• ARRSE have partnered with Armadillo Merino to bring you an ARRSE exclusive, generous discount offer on their full price range.
    To keep you warm with the best of Merino gear, visit www.armadillomerino.co.uk and use the code: NEWARRSE40 at the checkout to get 40% off!
    This superb deal has been generously offered to us by Armadillo Merino and is valid until midnight on the the 28th of February.

Confused Spaniards vote for EU charter

#1
Spaniards might have voted by a large majority in favour of the European Constitution yesterday but despite a widespread government promotional campaign, nine out of 10 people had little or no understanding of the charter they approved.

Nearly 35 million voters were eligible to answer the question "Do you approve the treaty establishing a constitution for Europe?'' and they became the targets of an extensive government drive to promote the 325-page treaty.

The "Los primeros con Europa'' (First with Europe) campaign featured postage stamps, lottery tickets and an energy booster drink to counter apathy, called Referendum Plus.

Football stars and actors were broadcast reading extracts from the proposed text.

But a survey by state pollster CIS showed about 90 per cent of Spaniards had little or no knowledge of the constitution after the campaign.

That will not be worrying the prime minister, Jose Luis Rodriguez Zapatero, now.

He has successfully delivered to Brussels the constitution's first mandate from a European power.

The Socialist leader had campaigned hard to avoid a low turnout in a bid to deliver a strong result to his European counterparts in countries such as France, where there is powerful Left-wing criticism of the constitution.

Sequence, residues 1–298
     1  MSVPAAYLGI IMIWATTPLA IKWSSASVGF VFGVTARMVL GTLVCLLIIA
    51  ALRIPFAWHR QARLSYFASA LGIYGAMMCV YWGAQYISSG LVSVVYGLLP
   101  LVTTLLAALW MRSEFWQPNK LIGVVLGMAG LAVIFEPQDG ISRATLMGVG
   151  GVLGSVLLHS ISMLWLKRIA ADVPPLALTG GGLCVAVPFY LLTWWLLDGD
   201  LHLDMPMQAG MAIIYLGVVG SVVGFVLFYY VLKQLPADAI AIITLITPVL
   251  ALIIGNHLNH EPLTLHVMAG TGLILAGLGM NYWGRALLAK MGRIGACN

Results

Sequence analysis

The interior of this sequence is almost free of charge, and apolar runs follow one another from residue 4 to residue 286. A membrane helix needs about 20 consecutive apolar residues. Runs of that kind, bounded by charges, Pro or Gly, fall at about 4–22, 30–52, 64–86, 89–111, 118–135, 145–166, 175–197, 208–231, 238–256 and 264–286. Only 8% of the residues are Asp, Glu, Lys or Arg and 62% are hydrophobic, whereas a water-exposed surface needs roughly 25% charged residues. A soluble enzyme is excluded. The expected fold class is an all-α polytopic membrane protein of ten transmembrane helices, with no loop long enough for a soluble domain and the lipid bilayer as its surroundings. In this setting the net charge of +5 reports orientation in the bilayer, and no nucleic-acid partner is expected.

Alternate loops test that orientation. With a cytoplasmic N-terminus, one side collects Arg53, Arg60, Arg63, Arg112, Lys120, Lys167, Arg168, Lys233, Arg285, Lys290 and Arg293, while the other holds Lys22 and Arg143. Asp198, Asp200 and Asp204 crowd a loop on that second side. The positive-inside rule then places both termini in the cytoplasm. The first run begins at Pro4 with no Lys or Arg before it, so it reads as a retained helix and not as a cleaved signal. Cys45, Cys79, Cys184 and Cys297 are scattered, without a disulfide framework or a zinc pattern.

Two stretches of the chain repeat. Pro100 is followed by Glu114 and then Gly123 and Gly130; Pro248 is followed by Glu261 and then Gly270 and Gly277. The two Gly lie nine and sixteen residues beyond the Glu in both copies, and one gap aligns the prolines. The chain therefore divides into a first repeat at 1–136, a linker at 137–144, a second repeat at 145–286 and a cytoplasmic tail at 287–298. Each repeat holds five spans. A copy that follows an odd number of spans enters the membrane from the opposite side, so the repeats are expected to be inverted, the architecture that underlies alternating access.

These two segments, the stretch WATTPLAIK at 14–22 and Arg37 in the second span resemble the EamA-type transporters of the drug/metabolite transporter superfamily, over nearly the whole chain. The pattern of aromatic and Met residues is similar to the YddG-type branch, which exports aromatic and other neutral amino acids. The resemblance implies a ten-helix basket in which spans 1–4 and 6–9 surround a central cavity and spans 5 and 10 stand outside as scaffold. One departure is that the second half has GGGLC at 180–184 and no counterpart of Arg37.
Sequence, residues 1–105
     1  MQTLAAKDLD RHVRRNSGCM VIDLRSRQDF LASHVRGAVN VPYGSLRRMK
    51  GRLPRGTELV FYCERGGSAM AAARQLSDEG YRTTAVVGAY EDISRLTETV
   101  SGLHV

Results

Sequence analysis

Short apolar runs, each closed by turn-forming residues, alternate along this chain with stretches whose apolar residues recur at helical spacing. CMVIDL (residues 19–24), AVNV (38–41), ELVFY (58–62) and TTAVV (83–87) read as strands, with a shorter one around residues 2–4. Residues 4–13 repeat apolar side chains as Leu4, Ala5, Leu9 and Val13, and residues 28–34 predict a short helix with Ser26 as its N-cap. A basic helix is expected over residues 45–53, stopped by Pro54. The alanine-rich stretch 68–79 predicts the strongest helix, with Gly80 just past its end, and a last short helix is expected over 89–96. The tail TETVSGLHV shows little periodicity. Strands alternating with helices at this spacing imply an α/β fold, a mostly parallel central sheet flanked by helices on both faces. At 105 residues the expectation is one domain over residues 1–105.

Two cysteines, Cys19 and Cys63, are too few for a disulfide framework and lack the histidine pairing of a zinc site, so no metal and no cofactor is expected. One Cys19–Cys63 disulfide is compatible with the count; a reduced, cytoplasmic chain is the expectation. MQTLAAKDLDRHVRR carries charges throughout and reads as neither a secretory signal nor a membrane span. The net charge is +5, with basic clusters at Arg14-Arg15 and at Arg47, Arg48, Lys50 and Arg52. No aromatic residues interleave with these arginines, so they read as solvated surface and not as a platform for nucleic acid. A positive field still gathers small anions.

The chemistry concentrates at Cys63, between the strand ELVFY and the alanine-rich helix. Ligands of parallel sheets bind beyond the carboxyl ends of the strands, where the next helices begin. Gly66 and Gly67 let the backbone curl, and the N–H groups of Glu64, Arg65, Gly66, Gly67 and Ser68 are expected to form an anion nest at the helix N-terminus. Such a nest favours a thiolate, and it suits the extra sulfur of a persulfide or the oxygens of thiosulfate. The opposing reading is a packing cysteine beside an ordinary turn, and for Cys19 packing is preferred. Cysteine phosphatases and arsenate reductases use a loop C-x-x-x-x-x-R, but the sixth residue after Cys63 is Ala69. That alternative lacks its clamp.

While far from a resounding victory, a turnout of 42 per cent, with 77-80 per cent in favour, just about met his government's expectations and maintained the poll's credibility.

King Juan Carlos and Queen Sofia were among the first to vote after more than 57,000 polling stations opened. Security was stepped up, with more than 100,000 police on alert for attacks by Eta, the Basque terrorist group.

In a Madrid polling station in the central district of La Latina, Jose Luis Gonzalez, a retired 60-year-old, picked up a "Yes" slip.

He said: "We are here to be a part of Europe. It is almost the same as the Spanish constitution. The main point for me is freedom, freedom and freedom - against terrorism, for example."

"I am going to vote Yes,'' said early voter Raul Rodriguez, a 39-year-old lawyer. "This is a historic moment, even if we do not realise it.

"When Europe speaks with a single voice, it will be the most powerful in the world.'' In some areas, voters complained about a lack of information about election procedures.